By Gary Budzak
The Ohio Department of Agriculture will begin aerial treatments today to manage the spread of the gypsy moth in Delaware County.
“First, there’s going to be some treatments in northern Franklin and southern Delaware County scheduled to start on June 23,” department spokesman Brett Gates told The Gazette. “Those would take place over the course of one or two days, weather permitting. After that, the treatments will move north. There’s a treatment block in the city of Delaware that would take place June 24 or June 25.”
A small yellow one-person plane will drop a single application of Disrupt II, a biodegradable plastic pheromone, 100 to 200 feet above the tree tops in forested areas.
“Most of it will be high up in the tree canopy,” Gates said. “It’s doubtful that people will even be able to see the little plastic flakes themselves.”
The Disrupt II product replicates the pheromone emitted by a female gypsy moth, and it confuses the male moth as it searches for a mate.
“It doesn’t actually kill the moth, but it disrupts the mating process,” Gates said. “It’s been around almost two decades now, and there’s been no issues. It’s not harmful to birds, plants, pets or humans.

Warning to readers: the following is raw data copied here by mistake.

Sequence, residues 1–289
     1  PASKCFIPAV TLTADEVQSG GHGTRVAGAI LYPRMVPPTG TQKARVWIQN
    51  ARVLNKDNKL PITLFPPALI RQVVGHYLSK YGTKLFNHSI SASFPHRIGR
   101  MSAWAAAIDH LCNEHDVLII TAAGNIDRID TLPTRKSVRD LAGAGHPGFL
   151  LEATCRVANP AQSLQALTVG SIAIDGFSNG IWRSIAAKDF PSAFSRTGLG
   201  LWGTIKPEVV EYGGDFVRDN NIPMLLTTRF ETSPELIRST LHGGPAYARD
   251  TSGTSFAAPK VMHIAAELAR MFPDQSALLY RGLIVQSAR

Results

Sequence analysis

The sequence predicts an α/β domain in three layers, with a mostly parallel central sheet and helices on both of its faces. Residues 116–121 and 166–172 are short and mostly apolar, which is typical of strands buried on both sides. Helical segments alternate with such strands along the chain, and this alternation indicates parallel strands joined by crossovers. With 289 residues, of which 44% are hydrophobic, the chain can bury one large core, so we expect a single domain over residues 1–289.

The gypsy moth feeds on the leaves of more than 300 different trees, particularly oak. An infected tree can die in as soon as two years. According to the Department of Agriculture, 51 of Ohio’s 88 counties have a gypsy moth problem.
Ohio has had a program in place for a number years called Slow the Spread. On an annual basis, different parts of the state that have a significant population of gypsy moths receive treatments, Gates said.
“We’ve had great success with it, being able to push back against the gypsy moth infestation, while minimizing effects on anything else. We that very seriously, and we’re hoping to protect Ohio’s diverse habitat by slowing the spread of this invasive pest.”
A pre-recorded message about treatments can be accessed by calling 614-387-0907 or 1-800-282-1955 ext.37 (after 5 p.m.).
For more information on the gypsy moth, visit http://www.agri.ohio.gov/divs/plant/gypsy/gypsy-index.aspx.
Gary Budzak may be reached at 740-413-0904 or on Twitter @GaryBudzak.